Naming of Parts
Naming of Parts
1. What is the ‘naming of parts’ that the title of the poem refers to?
The naming of parts refers to the riﬂe lesson in the poem, with the soldiers being taught about the parts of the riﬂe. 2. The ﬁrst stanza identiﬁes the timeframe of this poem. Explain why ‘yesterday’, ‘today’ and ‘tomorrow’ might be signiﬁcant. This talks about the past, present and future, which is why it is signiﬁcant. 3. Explain the simile that compares Japonica to coral (lines 4-5).
Japonica is a pink ﬂower that blossoms in bunches on trees in the spring. The poem compares the colour of the japonica to coral, and how it glows and shines. It talks about the beauty of the ﬂowers, and compares it to that of the coral. 4. In which lines is the title line repeated? What is the effect of this repetition?
The line is repeated four times in the whole poem, three times in the ﬁrst stanza and once in the last. The effect of the repetition is that it ties the poem together, and it puts emphasis on the title. 5. Who do you think is speaking in this poem and who do you think is being addressed? Give reasons for your answer. I think that the speaker in this poem is a soldier that has just been recruited, and is being taught about how to use his riﬂe. In my opinion, the poem is addressing the soldier himself, or maybe the world, and people in war. 6. In the second stanza, what is meant by the metaphor concerning the branches, and what is meant by the description of them as making ‘silent, eloquent gestures’?
I think that Reed is describing the simple beauty of nature, and perhaps how the branches can be compared to human limbs, with gestures that are elegant and expressive. 7. Why do you think the poet has drawn attention to the piling swivel, “Which in our case we have not got” (line 12)? I presume that Reed has drawn attention to the piling swivel to show that the soldiers are in training, and have not yet received their own riﬂes, and therefore do not have the piling swivel.
8. The word ‘ﬁnger’ is used in two different contexts in the third stanza. What is the meaning
of each, and what do you think is the effect of using both in close proximity? The ﬁrst mention of the word is a literal context, meaning that they need to use their thumb to release the safety catch, and not their ﬁnger. The second seems to me as if it is a comparison of the instructor and the blossoms of a plant. I think that it is so because the soldier has drifted off, and is looking at ﬂowers while listening to the instructor talk about not using ﬁngers. 9. The fourth stanza begins with the word ‘And’ (line 19). What is the effect of this?
It seems like it is a continuation of another sentence, or something that the instructor has said before. It gives us a way to link the ﬁrst part of all the stanzas together, as if the nature part of the previous stanza was something completely different. 10. In the same stanza, the phrase ‘easing the spring’ is used twice with two different meanings.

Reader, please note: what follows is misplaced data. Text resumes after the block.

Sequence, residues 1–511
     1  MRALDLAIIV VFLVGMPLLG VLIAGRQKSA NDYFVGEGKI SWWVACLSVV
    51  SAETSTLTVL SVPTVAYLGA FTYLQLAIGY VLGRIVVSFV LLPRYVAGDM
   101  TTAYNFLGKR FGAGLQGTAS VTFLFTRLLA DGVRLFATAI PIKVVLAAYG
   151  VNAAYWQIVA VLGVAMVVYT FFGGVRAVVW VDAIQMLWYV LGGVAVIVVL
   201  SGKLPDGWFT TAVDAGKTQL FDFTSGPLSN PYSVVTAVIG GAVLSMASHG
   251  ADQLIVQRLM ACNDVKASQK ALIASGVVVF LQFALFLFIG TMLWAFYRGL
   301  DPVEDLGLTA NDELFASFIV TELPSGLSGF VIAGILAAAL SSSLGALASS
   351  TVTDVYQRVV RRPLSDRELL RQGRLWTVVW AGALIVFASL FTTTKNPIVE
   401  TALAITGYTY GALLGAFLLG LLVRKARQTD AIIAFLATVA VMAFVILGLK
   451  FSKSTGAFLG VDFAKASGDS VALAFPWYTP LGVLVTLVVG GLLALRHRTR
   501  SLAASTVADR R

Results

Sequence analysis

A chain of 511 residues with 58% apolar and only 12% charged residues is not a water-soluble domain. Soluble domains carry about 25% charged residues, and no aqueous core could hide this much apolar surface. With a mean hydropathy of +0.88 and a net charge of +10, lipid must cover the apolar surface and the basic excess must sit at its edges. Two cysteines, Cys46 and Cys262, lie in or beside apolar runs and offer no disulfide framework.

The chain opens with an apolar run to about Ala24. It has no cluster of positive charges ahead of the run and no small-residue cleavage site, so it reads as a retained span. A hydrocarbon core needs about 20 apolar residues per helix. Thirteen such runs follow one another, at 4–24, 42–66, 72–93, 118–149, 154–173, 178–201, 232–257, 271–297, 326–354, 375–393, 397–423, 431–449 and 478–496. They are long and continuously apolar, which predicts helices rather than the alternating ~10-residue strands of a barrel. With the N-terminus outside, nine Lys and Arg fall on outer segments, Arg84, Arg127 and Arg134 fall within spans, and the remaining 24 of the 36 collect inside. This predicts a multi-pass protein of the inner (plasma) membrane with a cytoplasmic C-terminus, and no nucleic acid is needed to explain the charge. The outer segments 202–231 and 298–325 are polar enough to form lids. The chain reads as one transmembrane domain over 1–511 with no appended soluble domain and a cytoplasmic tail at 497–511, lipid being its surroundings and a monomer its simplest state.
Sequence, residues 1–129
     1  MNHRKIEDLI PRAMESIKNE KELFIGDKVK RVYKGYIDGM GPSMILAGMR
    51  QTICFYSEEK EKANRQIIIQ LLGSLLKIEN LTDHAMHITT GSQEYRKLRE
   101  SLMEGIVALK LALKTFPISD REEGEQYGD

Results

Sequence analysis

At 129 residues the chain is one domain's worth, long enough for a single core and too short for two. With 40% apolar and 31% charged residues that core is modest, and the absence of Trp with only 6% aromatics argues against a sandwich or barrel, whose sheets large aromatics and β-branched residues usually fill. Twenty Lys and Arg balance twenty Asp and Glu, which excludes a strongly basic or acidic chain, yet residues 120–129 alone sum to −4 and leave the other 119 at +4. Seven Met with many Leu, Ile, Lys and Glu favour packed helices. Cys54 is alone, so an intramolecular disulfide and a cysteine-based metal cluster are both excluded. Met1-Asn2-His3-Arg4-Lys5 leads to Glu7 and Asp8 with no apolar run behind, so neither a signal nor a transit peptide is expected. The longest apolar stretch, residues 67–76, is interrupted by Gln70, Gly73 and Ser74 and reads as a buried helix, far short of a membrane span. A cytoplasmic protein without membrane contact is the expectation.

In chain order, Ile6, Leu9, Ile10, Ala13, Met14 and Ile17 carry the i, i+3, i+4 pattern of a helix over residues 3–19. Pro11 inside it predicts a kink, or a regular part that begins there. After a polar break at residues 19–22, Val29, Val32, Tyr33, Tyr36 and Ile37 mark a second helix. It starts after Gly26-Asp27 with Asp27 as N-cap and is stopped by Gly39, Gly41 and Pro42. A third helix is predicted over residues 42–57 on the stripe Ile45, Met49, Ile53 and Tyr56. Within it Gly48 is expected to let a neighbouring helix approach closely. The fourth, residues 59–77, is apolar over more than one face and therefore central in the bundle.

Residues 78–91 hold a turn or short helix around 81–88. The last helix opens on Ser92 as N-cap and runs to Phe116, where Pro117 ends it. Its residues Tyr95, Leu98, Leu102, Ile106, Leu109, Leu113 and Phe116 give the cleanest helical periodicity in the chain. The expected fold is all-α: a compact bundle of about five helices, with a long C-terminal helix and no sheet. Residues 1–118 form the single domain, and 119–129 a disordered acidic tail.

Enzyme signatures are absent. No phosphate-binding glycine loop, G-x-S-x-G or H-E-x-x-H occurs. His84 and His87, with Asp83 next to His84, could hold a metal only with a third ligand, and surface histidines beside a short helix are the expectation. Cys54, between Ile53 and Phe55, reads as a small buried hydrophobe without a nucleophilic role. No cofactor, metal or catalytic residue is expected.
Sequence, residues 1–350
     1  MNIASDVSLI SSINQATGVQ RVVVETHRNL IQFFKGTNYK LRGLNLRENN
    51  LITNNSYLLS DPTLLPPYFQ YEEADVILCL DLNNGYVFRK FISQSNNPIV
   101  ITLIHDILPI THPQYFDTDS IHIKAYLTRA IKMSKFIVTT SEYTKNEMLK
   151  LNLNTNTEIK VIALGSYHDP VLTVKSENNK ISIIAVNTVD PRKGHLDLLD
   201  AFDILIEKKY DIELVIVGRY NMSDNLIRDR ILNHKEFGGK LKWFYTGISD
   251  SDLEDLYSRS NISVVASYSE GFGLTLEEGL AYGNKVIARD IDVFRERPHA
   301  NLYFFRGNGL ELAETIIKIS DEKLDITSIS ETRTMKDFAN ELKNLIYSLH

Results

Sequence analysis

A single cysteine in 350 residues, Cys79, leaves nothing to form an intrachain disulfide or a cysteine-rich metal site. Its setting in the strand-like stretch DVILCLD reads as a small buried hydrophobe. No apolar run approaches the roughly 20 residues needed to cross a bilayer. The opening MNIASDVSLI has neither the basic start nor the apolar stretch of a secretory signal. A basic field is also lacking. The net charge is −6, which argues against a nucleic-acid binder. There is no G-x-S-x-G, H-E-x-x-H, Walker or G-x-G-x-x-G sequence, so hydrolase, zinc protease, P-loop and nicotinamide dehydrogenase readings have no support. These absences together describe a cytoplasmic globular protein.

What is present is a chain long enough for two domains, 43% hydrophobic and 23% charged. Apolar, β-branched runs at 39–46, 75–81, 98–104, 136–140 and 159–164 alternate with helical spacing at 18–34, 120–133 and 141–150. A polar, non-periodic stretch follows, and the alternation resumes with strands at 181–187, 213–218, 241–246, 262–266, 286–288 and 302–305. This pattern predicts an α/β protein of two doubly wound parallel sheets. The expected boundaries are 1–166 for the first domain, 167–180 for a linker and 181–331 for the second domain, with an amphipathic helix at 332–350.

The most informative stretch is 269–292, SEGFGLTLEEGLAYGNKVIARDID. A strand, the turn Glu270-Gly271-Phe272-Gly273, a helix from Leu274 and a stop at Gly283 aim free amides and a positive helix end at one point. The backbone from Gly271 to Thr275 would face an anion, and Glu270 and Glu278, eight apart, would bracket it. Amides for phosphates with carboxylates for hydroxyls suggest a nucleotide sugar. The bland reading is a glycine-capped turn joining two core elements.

What effect is created when these two ideas are considered side by side? The ﬁrst meaning is to ease the spring in a riﬂe, a mechanical and literal reference. In the second mention however, the word spring is capitalized, and is referring to the season. When these two are compared to each other, the ﬁrst seems like a comparison to war and destruction because of the riﬂe’s use to do so, and the second contrasts with references to reproduction and giving life. It makes a contrast between giving and taking life. 11. There is a lot of imagery associated with sexual reproduction. Give some examples of these words and explain how this language might contribute to the theme of the poem. The “easing of the spring,” where Reed writes “rapidly backwards and forwards,” could be associated with sexual reproduction. 12. In contrast, what ideas in the poem evoke the idea of death and destruction?
The instructor’s mechanical and almost cynical explanation of how to use the riﬂe, or how to kill and destruct in the war, evokes this idea very clearly. 13. Comment on the phrase: “..and the point of balance, / Which in our case we have not got…” (lines 27-28). Perhaps this is talking about how the soldier feels that their lives have been thrown out of balance, or how the world is out of balance, engaging in warfare instead of appreciating the beauty of nature around them.
14. Why do you think the poet drew attention to the silence of the almond blossom? (line 29).
I do not see any other reason than him wanting to draw attention to the incredible beauty of nature, and how this contrasts with the destructive warfare going on. 15. In your opinion, what is the main theme or message of this poem and how effectively has the poem communicated it? In my opinion, this poem is about the contrasts between the beauty of nature and war. I think this poem communicates this in a very good way once one has read it a few times and identiﬁed the contrasts and metaphors that are hidden. 16. Lastly, write some comments about how your interpretation of the poem has developed since you ﬁrst encountered it.
Don’t forget to reﬂect on your artistic interpretations last week – how did they help (or hinder) your growing understanding? Since I ﬁrst heard the poem, I have understood more and more of the meaning behind it. At ﬁrst, I only grasped the fact that it talks about a riﬂe lesson, and that it probably had a connection to soldiers and war. I did not comprehend the relationship between war and nature that I interpret as the underlying theme now. I didn’t get very much out of the artistic interpretation last week, other than exploring the nature/war relationship more. The destructive versus growth aspect was also explored, and this helped me grasp the meaning of some of the metaphors.
University/College: University of Chicago
Type of paper: Thesis/Dissertation Chapter
Date: 24 November 2016
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